Mindfulness "Metroid" Meditation

Hindering Thoughts

The mind constantly generates thought, some of which is intentional and useful, other that is wasteful, distracting and possibly disruptive.

Problems arise when we fall at the mercy of the latter category. We find ourselves dwelling on past memories which cannot be changed or worrying about a hypothetical future which may or may not happen at all.

If we allow wasteful thoughts to constantly capture our attention then we would keep experiencing the same negative feelings that we would otherwise only experience when they actually happen in the real world: stress, anxiety, anger, embarrassment, grief, etc...

Pay Attention

"We only live in the present moment"

Mindfulness meditation is the practice of paying attention to the present moment. By forming this habit, thoughts lose their power to distract. The result: an overall happier and calmer state of mind.


Two common mindfulness meditation exercises are breathing and body scan. Briefly, the breathing exercise involves paying attention to the breath (the inhale and exhale) and actively noticing how the mind, despite your best intentions of staying focused, casually wanders in disobedience –and does so again and again!

The body scan exercise involves focusing on the sensations of each body part starting from the head and moving down towards the toes. Whenever the mind wanders, simply return your attention back to the body and resume the scan.

Meditation is Not That Difficult

I've come across many online articles and comments about the difficulties of meditation. Common complaints are things like: the inability to focus, feeling sleepy/drowsy, boredom, no time to practice, and so on...

I believe the reason people struggle with meditation is because they have a perception that it must to be done in a specific formal way (ie. sitting on the floor, cross-legged, eyes closed, in a silent room, with an "empty mind" and such). The truth of the matter is that none of that is necessary.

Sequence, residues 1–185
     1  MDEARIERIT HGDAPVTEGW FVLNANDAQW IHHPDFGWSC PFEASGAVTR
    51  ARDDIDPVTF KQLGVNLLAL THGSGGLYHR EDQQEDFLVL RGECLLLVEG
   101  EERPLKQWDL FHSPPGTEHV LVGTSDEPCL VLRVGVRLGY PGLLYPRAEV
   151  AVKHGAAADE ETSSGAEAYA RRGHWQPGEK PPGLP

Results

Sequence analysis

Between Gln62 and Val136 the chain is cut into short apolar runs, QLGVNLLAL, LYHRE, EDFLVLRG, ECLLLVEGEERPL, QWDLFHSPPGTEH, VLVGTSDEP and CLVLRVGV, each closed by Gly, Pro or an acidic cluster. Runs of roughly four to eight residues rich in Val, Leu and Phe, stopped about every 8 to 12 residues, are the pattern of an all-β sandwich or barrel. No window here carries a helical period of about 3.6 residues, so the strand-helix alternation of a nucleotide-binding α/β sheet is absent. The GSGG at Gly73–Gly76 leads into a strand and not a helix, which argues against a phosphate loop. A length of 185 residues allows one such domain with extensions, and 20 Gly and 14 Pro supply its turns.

Cool, But What Does This Have To Do With Metroid?

Well, I have come up with my own meditation practice that might resonate with others and perhaps make it easier to recall. It's based off of the concept of the Head-up display (HUD) found in many first-person games. In particular, the HUD designed in the Metroid Prime game is the one I'm most familiar with and best illustrates my point:

[JPG] Metroid Prime HUD (33 KB)

In the game, the main action happens at the center of the screen while the HUD is positioned around the sides to display stats (such as character's health, armor, weapon inventory, etc..). The HUD is translucent, yet visible at all times. Nevertheless, during intense sequences, it's easy to see past it and forget that it's there. It is effectively in the player's attention blindspot.

Now to relate this back to meditation: we experience life in first-person, but unlike video games, the real world doesn't have a "pause" button. But, arguably, the next best thing would be having your very own HUD!

So, remember this: wherever you are, whatever position you are in, and whenever you decide to meditate, give yourself 10 minutes to bring up your imaginary HUD and introspect. There's no need to move or adjust yourself. Closing your eyes is optional. Simply monitor your breath as though you intend to estimate your breaths per minute stat. Then do a body scan as though you were a cyborg doing a full self-diagnostics (Heart rate? Feel any pain? Fatigue? Body temperature?). If you "lose sight" of your HUD or catch yourself distracted by the "center screen" (aka the real world) or other thoughts, just go back to the HUD.


If you still find it difficult to introspect, do a room scan exercise instead. Pay attention to the contents of the room you're in (or surroundings) as though you had landed on another planet and wanted to conduct scientific analysis on objects never seen before (How many objects are there? Materials? Colors? Textures? Shapes?).